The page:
NEW YORK – Ford executive Jim Farley heaps praise on car dealers, calling them essential to the industry, but saying they and his company must change to make it in the future.
Farley goes so far as to credit dealers with helping Ford avoid joining General Motors and Chrysler in filing for bankruptcy in 2009 during the throes of that recessionary year.
“Dealers saved us,” he says, without specifying as to how, but singling out Charlie Gilchrist, who headed the Ford national dealer council at the time and now serves as vice chairman of the National Automobile Dealers Assn. “People say, ‘How did you not go bankrupt?’ Charlie was a big part of it.”
(Conventional financial history is that Ford skirted bankruptcy by fortuitously borrowing money just before the global credit market collapsed and cash flow became a big issue for automakers.)
Gilchrist, a Texas dealer, introduces Farley, Ford’s executive vice president and president-global markets, at the 2018 Automotive Forum put on by NADA and J.D. Power. The event is held in conjunction with the New York International Auto Show.
For the franchised dealer system to succeed in the future, “it will have to evolve,” Farley says after his homage to Ford dealers.
He cites a survey indicating 42% of polled consumers think the purchase process is too long, 42% indicate price negotiating is painful and 28% say salespeople are pushy.
He calls for building loyalty through great customer experiences, leveraging technology to streamline the shopping and buying process and using data to do one-on-one marketing.
“Customer convenience keeps people loyal to the brand and dealers,” he says, adding Ford must make things simpler for its dealers. “We put complexity in the product.”
Dealers (and not just Ford retailers) say those complexities can range from baffling arrays of trim configurations offered by manufacturers to complicated and changing incentive programs (for both dealers and consumers) that force many dealers to hire special staffers to figure it all out.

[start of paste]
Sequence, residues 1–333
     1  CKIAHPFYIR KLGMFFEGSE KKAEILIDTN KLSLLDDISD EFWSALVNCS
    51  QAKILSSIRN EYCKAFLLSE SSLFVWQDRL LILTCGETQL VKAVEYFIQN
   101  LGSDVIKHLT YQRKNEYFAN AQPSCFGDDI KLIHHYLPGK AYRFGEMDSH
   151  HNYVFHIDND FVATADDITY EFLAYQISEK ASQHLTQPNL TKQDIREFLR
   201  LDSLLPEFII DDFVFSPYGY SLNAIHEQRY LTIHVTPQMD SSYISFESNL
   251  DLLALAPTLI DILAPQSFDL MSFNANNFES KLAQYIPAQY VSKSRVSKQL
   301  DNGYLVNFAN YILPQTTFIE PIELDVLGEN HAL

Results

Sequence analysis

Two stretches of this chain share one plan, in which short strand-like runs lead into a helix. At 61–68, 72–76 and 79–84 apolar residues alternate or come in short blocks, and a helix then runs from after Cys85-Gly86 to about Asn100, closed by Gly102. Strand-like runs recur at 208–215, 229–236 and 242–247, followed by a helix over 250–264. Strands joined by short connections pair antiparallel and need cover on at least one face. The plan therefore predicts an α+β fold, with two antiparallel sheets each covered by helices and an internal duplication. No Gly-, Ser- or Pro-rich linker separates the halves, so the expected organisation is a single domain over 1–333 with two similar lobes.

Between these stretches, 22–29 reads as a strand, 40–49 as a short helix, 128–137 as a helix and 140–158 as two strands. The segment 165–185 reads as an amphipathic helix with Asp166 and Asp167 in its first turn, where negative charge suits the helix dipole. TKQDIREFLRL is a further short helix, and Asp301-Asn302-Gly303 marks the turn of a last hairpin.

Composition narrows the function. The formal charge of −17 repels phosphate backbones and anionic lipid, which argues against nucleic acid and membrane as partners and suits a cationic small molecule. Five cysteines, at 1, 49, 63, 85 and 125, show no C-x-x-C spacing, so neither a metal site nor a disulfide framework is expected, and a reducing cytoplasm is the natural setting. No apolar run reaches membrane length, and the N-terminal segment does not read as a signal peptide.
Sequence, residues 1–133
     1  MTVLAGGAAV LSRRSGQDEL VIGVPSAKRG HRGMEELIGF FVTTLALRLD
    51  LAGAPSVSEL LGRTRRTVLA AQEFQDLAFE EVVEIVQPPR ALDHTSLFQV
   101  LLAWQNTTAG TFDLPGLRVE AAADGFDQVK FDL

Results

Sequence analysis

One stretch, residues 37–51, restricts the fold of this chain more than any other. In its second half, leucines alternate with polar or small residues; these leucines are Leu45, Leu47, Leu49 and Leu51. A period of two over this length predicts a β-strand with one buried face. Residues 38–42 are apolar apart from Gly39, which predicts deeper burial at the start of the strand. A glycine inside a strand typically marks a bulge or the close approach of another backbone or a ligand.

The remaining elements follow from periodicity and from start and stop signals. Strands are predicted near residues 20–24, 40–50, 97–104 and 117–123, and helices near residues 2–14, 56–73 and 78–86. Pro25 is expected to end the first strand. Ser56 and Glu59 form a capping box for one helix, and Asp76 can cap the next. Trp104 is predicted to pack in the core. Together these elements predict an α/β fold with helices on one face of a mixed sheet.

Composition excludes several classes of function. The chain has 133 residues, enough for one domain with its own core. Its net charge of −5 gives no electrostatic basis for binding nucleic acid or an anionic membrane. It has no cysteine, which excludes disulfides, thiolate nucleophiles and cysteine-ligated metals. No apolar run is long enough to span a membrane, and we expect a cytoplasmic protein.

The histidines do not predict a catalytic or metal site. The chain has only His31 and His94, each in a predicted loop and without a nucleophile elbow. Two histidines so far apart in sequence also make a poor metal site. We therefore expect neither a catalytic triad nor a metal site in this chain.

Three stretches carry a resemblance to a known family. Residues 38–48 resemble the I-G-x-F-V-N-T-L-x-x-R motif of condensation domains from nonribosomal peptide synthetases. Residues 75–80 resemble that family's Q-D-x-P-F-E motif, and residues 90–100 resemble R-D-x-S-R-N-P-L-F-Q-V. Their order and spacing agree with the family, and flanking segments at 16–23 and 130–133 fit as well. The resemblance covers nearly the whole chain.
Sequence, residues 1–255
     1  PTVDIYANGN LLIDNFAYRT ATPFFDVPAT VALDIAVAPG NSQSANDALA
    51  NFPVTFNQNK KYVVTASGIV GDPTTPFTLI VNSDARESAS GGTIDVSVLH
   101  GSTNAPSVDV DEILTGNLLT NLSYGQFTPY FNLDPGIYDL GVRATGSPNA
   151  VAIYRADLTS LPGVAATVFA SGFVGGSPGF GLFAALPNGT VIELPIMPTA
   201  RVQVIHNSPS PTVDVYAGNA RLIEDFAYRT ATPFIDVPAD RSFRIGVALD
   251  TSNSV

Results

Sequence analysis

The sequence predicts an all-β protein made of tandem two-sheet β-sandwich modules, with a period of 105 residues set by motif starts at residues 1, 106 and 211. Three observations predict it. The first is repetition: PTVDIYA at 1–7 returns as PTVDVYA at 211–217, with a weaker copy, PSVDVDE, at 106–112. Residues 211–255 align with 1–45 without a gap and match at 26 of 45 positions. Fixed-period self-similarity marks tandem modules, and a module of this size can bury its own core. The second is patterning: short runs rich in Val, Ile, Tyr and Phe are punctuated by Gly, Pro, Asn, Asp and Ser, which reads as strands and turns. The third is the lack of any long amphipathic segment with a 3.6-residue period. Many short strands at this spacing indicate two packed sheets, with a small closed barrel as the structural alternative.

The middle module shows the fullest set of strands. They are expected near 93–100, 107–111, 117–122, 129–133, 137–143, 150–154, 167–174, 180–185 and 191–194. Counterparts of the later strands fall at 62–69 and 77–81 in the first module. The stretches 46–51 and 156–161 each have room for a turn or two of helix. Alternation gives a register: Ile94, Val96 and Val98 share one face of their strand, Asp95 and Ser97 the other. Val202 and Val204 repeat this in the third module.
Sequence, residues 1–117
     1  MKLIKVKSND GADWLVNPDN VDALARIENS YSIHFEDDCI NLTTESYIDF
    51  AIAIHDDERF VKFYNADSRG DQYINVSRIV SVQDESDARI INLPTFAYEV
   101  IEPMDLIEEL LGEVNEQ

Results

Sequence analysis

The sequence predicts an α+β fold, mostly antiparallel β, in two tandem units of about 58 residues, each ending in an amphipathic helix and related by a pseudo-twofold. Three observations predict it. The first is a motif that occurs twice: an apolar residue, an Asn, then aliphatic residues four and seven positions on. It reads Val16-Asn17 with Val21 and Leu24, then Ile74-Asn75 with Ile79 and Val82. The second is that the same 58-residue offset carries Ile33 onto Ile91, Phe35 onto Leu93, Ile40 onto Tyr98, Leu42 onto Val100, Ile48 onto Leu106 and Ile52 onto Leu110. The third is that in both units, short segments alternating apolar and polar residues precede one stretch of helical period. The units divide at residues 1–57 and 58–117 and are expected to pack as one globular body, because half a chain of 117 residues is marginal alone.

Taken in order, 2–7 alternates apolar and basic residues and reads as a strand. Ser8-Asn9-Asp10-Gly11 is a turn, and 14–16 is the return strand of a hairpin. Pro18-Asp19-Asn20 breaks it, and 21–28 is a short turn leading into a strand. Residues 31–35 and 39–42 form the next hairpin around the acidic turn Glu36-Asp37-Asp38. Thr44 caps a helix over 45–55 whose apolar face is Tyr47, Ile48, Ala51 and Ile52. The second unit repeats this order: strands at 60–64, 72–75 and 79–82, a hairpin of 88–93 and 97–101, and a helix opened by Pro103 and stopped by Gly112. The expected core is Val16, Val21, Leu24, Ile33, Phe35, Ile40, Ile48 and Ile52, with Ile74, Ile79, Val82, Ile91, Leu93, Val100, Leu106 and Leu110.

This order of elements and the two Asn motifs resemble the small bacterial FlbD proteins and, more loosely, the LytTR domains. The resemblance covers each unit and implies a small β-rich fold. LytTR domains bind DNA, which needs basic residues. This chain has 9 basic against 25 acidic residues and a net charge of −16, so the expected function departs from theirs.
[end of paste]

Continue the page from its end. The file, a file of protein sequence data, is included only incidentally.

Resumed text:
As far as using technology to meet Internet car shopper wants and needs, he says the automaker and its dealers should “hold hands and work together to build an information technology tool set. We’ve already begun doing that.”
He adds, “Dealers have a bright future in our industry, but we have to evolve together. I believe in the creativity of dealers.”
In talking to dealers around the country, Farley says their chief concern is what Ford has in the product pipeline. “Our business is about the freshest product.”
Ford recently outlined its future-product plan that is heavy on future SUVs and CUVs to meet high consumer preferences for those segments.
“We recognize how important fresh product is,” he says. “We are now sharing our (future product) plans. We didn’t want to before, because it meant we’d be sharing our plans with competitors.”
His message to dealers on new product? “Don’t worry, it’s coming. I bet my future on it.”
Farley, the grandson of a stalwart Lincoln dealer, first landed an auto industry job with Toyota. That irked granddad. “He said, ‘I’m glad you got a job, but you’re not welcome here.’” It took six years for the elder to get over it and have his grandson over, Farley says.